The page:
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The First Edition of the Book of Deuteronomy (Second part)

According to T. Römer, the first edition of Deuteronomy began in 6:4-5 and ended with the curses in Dt 28. At the center were the prescriptions that presupposed the ideology of centralization in Jerusalem. Within this section – i.e. the cc. 12-26chapters 12 and 13 stand out. These texts speak about the law of centralization and the loyalty to YHWH. A large part of the provisions in 12-26, which update the code of the Exodus covenant, presuppose the social situation under King Josiah. For example, in Dt 14:21-29 the payment of annual fees, first made in the local sanctuaries is centralized in Jerusalem. In fact, King Josiah closed all the sanctuaries.

All this happened following the upheaval that the Assyrian politics and culture caused in Judea. The traditional social structure consisting of families and clans was broken. Part of the rural population was deported, while the remaining one resided in the fortified cities of King Hezekiah. On the contrary, the urban population grew and needed to unify procedures and structures that were scattered throughout the territory.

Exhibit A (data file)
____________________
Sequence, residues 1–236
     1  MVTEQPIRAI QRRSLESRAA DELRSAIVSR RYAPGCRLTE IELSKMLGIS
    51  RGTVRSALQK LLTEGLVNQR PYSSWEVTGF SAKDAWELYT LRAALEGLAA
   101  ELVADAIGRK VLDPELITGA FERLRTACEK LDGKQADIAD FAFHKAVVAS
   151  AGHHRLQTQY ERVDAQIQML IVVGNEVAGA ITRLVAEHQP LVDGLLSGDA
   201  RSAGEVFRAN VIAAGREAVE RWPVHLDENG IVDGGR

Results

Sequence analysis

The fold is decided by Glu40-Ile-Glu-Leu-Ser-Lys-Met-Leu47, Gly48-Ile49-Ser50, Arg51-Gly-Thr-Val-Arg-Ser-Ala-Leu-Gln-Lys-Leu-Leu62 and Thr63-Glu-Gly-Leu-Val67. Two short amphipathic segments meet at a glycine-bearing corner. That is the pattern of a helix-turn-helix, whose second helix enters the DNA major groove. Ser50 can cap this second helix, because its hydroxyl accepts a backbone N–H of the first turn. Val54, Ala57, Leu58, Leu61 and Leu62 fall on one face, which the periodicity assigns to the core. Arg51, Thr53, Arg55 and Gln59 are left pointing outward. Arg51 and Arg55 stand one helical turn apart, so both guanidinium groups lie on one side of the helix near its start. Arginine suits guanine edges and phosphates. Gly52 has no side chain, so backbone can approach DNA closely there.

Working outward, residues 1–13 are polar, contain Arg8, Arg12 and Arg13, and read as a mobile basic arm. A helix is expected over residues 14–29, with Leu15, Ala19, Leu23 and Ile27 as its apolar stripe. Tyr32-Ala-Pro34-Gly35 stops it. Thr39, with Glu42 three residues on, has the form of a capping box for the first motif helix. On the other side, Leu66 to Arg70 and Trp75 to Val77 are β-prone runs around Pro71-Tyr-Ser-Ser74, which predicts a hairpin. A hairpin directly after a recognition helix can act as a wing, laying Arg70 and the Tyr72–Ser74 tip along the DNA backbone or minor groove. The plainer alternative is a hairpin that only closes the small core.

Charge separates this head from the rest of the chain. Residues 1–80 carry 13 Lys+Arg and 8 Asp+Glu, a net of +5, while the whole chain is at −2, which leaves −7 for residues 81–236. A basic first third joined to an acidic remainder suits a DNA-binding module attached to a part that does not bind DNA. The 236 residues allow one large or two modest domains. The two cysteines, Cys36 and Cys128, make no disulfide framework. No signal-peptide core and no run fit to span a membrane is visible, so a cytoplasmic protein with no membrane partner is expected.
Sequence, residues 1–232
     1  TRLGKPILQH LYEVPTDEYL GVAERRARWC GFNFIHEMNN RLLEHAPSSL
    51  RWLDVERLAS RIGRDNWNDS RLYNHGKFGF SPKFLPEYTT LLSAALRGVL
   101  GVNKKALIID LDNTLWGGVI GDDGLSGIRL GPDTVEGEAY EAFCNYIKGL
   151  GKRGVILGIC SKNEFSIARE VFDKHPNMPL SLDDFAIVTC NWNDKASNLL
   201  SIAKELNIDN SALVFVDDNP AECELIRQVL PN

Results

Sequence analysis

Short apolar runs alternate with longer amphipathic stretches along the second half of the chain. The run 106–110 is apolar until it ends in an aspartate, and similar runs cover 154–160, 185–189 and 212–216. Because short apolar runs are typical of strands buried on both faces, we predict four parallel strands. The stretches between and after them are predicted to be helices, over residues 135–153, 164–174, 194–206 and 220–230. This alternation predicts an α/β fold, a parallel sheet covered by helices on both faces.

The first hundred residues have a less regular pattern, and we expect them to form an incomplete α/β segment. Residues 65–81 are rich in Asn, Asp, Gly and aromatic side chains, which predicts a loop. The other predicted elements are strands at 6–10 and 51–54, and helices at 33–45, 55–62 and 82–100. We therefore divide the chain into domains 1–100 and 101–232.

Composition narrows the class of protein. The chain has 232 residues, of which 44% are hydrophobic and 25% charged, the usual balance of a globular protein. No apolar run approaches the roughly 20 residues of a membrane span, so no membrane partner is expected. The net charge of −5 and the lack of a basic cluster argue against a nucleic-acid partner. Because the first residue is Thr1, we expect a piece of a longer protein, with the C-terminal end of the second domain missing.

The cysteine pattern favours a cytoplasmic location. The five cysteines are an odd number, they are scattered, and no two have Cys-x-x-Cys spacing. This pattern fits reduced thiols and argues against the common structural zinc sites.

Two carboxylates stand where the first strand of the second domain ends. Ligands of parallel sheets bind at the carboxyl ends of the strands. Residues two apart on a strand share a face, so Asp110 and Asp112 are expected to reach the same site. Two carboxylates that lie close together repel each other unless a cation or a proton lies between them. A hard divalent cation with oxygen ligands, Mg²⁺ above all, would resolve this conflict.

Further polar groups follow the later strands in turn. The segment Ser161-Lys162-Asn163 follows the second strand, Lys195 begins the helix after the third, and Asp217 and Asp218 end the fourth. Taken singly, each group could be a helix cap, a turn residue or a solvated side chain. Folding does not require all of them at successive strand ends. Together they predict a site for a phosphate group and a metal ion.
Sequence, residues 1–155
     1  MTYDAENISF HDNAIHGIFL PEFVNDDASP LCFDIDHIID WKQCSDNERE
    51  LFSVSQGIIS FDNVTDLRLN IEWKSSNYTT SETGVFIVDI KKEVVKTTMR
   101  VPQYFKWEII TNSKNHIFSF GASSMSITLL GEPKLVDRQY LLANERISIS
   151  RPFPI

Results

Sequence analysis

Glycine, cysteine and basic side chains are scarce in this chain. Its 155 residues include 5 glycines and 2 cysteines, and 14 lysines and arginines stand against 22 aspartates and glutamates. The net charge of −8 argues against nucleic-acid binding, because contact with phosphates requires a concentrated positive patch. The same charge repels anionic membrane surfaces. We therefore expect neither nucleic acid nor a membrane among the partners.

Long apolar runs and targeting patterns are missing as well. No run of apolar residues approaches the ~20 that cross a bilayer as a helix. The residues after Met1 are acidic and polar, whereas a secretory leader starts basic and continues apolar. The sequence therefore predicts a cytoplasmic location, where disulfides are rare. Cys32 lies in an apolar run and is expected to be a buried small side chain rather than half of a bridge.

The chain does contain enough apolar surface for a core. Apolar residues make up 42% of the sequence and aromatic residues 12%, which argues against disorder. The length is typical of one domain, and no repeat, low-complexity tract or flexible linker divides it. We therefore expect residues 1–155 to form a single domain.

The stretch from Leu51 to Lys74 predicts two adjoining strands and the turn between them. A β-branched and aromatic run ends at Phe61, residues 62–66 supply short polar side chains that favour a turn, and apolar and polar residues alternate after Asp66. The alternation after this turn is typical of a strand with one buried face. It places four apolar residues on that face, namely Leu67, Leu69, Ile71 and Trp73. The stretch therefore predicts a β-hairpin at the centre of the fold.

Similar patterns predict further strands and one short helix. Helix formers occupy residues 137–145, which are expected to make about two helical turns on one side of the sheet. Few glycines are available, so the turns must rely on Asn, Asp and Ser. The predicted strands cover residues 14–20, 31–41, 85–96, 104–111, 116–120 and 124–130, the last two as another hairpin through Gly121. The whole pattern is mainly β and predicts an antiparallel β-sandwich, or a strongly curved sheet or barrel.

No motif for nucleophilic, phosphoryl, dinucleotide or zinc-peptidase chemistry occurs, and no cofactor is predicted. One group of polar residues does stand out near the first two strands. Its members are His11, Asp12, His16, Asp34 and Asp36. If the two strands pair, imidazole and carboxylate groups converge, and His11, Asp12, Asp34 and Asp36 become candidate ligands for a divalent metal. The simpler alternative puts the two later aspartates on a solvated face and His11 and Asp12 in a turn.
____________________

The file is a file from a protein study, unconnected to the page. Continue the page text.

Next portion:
Even the three main religious festivals (Easter, Shavuot and Sukkoth) were centralized in Jerusalem (see Dt 16:1-17). There is the new figure of the professional judge (see Dt 16:18 and 17:8-13) who deal with administration and justice outside the capital and on behalf of the king.

The establishment of the so-called cities of refuge (see Dt 19) reflects the closure of the local sanctuaries and the consequent need to create special cities that provide shelter for the outlaws. As in any other oriental code, the king was to protect the poor and the weak, as reflected in some parts of chapters 21; 22; 23; 24.

In short, the parts of the deuteronomic code – i.e. Dt 12-26 – dating back to the VII B.C. reflects the reorganization of the Jewish state, aimed at giving more power to its center, that is, to Jerusalem. As we have seen, the code presents clear parallels with the Esarhaddon treaty, evidently well known by the deuteronomist scribes, who used it to outline the relationship between YHWH and Judah. They probably also wanted to exercise some control over the king, because he too was subject to the Law.

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Simone Venturini

Writer and Researcher at Vatican Secret Archives, Professor of Bible at Pontifical University of the Holy Cross od Rome

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